LOS ANGELES -- The Kings had their regrets Saturday night. The Ducks had none.
The Kings had a goal taken away in the third period, one that would have tied the game. The Ducks believed it was never going to be allowed.
Two teams building toward the playoffs, but while the Kings have suddenly thrown themselves in reverse, the Ducks are moving forward again.
Both needed a victory, but it was the Ducks who won it, 2-1, at Staples Center. Whether they play the Kings in the playoffs isn't on their minds right now; pushing toward the Pacific Division title is what matters most.
"It's about finishing in our stride," Ducks center Ryan Getzlaf said. "We're trying to build every night and trying to build our team toward the playoffs. A good step for that is to finish first."
The Ducks are trying to hold off the San Jose Sharks for the division crown, and Saturday's win gave them two in a row after they had lost four consecutive games. The Kings have now lost their past two after winning eight in a row.
"It's playoff hockey right now," said Kings center Tyler Toffoli, who scored a power-play goal in the second period. "We're fighting for points, they're fighting for points. It was a hard game. I think we didn't play the best we could, but we know now the rest of the season we have to play hard and play the right way."
They thought they had the game tied with 6 minutes 23 seconds left in the third period when a shot by Anze Kopitar struck the crossbar and dropped behind Duck goaltender Frederik Andersen. But officials ruled that Marian Gaborik, who was inside the crease, made incidental contact with Anderson and waved off the goal.
Incidental may have been too strong a word, because Gaborik probably was pushed from behind into Andersen.
"I think so," Gaborik said. "They called it that I touched the goalie before the puck went in, but I don’t know. I haven't seen a replay."
On the bench, Ducks coach Bruce Boudreau said there was no dispute. It was a blatant case of interference.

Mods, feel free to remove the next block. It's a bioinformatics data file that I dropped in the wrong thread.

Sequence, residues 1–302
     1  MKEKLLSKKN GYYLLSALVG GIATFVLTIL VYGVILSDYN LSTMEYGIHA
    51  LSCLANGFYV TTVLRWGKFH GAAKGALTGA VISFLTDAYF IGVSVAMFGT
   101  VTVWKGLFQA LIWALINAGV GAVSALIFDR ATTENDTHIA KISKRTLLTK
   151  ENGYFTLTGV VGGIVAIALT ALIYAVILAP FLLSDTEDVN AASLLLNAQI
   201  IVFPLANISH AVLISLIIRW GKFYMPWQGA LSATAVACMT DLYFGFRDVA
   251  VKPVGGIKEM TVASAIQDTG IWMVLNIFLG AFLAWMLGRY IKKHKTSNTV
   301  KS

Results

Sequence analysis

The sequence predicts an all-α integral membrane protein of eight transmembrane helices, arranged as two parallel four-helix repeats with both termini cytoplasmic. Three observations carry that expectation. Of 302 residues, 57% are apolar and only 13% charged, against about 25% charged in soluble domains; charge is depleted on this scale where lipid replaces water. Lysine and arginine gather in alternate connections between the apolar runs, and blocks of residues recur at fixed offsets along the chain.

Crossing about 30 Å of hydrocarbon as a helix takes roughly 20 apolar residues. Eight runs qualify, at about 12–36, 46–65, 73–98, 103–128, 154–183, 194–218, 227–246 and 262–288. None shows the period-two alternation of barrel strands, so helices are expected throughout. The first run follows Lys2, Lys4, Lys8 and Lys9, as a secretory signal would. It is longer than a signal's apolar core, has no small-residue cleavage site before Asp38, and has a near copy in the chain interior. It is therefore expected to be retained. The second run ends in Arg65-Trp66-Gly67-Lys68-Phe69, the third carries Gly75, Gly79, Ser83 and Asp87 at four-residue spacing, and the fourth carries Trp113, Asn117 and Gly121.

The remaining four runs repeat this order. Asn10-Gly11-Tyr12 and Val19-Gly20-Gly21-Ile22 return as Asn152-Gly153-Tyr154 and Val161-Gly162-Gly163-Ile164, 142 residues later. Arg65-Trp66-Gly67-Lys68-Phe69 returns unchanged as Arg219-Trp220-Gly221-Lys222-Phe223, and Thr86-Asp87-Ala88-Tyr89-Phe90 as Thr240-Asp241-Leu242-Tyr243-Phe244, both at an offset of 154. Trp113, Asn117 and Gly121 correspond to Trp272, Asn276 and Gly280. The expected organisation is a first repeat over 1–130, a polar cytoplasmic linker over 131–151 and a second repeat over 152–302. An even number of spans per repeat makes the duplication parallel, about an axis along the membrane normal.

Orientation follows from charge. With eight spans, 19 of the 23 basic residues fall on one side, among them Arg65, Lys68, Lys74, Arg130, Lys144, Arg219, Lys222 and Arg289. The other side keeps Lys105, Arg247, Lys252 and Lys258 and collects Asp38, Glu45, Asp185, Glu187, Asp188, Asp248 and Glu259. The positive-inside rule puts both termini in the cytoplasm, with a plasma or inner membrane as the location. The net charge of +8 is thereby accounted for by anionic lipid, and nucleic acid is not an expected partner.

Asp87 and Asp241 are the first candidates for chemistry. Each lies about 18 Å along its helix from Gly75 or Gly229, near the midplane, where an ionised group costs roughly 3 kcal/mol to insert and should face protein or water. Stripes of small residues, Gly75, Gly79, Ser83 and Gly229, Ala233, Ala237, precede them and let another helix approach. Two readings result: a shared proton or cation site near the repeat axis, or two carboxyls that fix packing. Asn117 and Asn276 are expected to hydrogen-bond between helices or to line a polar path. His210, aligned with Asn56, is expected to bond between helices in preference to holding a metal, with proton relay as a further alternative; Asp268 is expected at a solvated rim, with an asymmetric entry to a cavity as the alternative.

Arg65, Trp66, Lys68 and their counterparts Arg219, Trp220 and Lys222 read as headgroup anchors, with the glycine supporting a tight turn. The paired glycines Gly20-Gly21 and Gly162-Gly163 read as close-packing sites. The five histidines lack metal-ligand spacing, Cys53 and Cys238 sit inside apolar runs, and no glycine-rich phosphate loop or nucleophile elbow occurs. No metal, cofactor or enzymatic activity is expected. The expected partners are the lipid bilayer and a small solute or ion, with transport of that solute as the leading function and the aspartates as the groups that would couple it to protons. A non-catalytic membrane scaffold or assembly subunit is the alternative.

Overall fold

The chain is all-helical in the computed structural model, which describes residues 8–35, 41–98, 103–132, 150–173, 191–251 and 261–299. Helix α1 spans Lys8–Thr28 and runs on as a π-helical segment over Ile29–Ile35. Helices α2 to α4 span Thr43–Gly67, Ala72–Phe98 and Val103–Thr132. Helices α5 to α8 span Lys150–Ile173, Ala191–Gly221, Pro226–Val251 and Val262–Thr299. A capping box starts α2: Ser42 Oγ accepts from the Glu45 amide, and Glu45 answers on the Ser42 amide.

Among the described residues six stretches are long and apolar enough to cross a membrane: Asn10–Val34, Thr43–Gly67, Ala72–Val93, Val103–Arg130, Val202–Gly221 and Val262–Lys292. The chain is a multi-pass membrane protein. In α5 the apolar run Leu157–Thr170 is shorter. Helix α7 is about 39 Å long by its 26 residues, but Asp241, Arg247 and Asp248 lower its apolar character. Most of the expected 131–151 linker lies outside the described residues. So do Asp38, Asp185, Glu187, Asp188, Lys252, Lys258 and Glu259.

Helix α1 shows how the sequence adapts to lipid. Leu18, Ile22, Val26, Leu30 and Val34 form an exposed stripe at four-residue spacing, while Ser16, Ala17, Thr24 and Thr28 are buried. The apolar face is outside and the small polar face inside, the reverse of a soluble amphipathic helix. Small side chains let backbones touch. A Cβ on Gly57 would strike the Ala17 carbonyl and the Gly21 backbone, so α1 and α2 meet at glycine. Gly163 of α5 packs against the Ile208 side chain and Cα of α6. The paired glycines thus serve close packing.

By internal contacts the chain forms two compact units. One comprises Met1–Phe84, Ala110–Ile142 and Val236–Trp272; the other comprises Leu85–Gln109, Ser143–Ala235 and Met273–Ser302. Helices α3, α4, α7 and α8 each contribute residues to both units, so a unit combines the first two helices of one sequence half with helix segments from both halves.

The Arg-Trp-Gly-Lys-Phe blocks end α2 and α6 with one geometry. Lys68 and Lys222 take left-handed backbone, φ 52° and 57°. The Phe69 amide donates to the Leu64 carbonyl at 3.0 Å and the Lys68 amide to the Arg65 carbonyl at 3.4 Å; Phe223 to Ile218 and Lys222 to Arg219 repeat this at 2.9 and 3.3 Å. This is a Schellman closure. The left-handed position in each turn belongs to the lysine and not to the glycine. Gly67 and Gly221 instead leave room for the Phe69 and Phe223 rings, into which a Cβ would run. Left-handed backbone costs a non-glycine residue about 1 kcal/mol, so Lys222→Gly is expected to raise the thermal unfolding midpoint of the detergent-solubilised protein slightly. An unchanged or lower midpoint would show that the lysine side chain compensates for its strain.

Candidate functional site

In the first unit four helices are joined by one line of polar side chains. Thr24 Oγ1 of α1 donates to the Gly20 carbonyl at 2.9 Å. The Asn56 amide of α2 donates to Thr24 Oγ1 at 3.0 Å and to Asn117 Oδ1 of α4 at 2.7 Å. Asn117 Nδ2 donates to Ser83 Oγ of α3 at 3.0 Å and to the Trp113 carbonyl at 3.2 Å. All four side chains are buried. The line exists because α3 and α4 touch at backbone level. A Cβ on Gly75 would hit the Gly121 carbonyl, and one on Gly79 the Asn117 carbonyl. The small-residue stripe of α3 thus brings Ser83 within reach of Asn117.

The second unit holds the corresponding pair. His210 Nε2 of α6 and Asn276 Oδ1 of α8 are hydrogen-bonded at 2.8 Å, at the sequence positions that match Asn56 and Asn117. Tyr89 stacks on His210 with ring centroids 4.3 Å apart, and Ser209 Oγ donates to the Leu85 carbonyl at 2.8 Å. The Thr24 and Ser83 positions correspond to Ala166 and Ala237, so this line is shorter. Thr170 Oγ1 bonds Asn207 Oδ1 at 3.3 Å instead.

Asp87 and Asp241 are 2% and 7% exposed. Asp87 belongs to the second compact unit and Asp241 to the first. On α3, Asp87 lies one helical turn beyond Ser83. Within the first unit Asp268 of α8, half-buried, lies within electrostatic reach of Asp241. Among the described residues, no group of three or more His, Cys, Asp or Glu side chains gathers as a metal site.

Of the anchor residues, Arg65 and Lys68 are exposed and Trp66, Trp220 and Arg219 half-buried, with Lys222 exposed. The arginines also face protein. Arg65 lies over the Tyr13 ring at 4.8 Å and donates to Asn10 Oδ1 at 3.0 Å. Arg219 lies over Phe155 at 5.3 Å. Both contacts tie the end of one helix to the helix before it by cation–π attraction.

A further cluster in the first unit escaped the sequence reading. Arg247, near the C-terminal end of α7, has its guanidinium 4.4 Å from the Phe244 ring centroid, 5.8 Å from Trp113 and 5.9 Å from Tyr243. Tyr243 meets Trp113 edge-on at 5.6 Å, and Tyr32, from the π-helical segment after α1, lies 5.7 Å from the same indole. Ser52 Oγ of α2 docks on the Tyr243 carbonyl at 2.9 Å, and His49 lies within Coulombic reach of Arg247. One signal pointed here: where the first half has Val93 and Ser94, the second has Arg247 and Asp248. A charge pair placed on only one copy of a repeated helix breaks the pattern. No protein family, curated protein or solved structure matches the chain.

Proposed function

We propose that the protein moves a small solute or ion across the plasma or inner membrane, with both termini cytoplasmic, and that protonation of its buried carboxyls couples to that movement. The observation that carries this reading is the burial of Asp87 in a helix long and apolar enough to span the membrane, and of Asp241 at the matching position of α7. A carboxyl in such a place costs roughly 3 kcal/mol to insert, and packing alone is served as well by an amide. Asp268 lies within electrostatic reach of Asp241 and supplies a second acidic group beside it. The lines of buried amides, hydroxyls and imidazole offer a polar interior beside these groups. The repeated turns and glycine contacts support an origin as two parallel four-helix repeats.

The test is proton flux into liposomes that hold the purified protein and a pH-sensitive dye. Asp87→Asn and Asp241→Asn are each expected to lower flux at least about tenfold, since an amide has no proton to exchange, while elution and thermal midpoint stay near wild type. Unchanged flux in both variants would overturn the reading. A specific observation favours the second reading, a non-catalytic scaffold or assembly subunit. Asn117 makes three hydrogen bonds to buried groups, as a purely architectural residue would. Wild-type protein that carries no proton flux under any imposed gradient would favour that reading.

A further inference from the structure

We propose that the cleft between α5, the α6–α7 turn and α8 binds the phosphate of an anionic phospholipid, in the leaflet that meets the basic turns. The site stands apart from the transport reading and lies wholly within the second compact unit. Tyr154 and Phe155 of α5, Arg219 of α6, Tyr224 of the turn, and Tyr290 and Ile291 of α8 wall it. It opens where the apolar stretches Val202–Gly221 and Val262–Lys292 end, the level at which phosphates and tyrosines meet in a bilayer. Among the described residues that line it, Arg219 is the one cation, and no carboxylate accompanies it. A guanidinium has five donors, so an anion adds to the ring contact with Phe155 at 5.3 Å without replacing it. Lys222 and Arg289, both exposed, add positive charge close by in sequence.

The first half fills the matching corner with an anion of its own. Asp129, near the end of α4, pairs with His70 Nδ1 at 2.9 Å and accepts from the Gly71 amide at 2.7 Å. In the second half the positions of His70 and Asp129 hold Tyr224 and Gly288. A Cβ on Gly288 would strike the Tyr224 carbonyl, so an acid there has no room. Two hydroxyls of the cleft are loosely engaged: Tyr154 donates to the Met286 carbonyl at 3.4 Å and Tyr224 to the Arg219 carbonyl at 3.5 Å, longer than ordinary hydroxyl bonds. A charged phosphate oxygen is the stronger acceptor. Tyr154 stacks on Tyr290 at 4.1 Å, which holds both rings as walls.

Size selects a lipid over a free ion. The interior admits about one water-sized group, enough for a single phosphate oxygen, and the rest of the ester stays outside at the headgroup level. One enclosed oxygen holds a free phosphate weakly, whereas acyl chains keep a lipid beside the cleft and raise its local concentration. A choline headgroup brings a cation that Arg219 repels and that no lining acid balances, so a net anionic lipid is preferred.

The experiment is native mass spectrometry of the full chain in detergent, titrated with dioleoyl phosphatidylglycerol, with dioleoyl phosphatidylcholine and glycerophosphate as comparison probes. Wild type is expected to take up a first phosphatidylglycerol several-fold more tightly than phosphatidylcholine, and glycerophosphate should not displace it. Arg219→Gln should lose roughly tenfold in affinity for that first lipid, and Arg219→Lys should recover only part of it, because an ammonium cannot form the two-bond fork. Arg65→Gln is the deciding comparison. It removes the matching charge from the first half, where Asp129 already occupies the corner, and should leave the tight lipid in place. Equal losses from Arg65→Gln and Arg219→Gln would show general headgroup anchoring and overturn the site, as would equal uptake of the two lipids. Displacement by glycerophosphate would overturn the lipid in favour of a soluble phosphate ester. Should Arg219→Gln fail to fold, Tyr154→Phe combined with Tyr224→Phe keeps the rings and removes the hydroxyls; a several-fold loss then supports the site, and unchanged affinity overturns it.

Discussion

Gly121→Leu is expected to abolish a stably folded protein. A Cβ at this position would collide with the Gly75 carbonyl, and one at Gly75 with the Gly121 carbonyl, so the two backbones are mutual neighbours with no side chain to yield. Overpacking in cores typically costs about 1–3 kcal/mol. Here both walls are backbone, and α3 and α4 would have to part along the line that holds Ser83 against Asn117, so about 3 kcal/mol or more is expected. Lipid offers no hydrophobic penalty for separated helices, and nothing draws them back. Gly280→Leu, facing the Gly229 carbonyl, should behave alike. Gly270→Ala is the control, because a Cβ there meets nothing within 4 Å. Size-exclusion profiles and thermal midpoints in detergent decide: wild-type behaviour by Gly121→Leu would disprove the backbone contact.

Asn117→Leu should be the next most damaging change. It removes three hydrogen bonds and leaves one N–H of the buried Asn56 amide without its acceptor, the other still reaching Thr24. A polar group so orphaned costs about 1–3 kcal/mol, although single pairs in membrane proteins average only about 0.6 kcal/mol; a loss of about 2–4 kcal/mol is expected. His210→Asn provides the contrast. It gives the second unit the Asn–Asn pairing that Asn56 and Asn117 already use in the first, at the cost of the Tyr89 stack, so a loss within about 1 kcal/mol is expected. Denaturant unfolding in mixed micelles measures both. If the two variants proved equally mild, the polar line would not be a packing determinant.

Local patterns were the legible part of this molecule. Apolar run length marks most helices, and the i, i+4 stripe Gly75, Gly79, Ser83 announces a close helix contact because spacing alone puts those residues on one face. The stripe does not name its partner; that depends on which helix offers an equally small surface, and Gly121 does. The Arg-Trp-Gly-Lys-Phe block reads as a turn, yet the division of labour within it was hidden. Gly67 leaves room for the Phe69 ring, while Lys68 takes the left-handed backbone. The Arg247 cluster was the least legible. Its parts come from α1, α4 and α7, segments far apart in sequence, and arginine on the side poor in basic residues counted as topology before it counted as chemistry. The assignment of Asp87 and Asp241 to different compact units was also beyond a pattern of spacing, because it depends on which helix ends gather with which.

"They ran right into our goalie," he said. "I've seen so many lot less things called for penalties. I was surprised they didn't get a penalty. We knew automatically that that wasn't going to count."
The Kings pulled goalie Martin Jones in the final minute, but they weren't able to tie the game with man advantage.
"We played against a top team in the conference," Kings coach Darryl Sutter said, "and only scoring one goal and giving up two easy ones" was the difference.
He was right. The Kings would never have expected to give up goals to Tim Jackman and Patrick Maroon, whose decider in the third period actually went off the left foot of a prone Kings defenseman Jake Muzzin in front of the Kings goal. Combined, Jackman and Maroon had eight goals this season.
A little luck always helps. But for the Ducks it was important to rebound after their dreadful losing streak. Now, their momentum appears back for the stretch run.
First, they ended their bad stretch with a 6-4 win over the Colorado Avavlanche last Wednesday. Saturday, they slipped past the Kings.
All is right again.
"It's a response," Getzlaf said. "That's what I've said the whole time. When you have those downfall games where you don't play well, you can easily pack it up and take the next couple off and try to find your way back. Our guys didn't do that. They did a good job responding against two good hockey teams."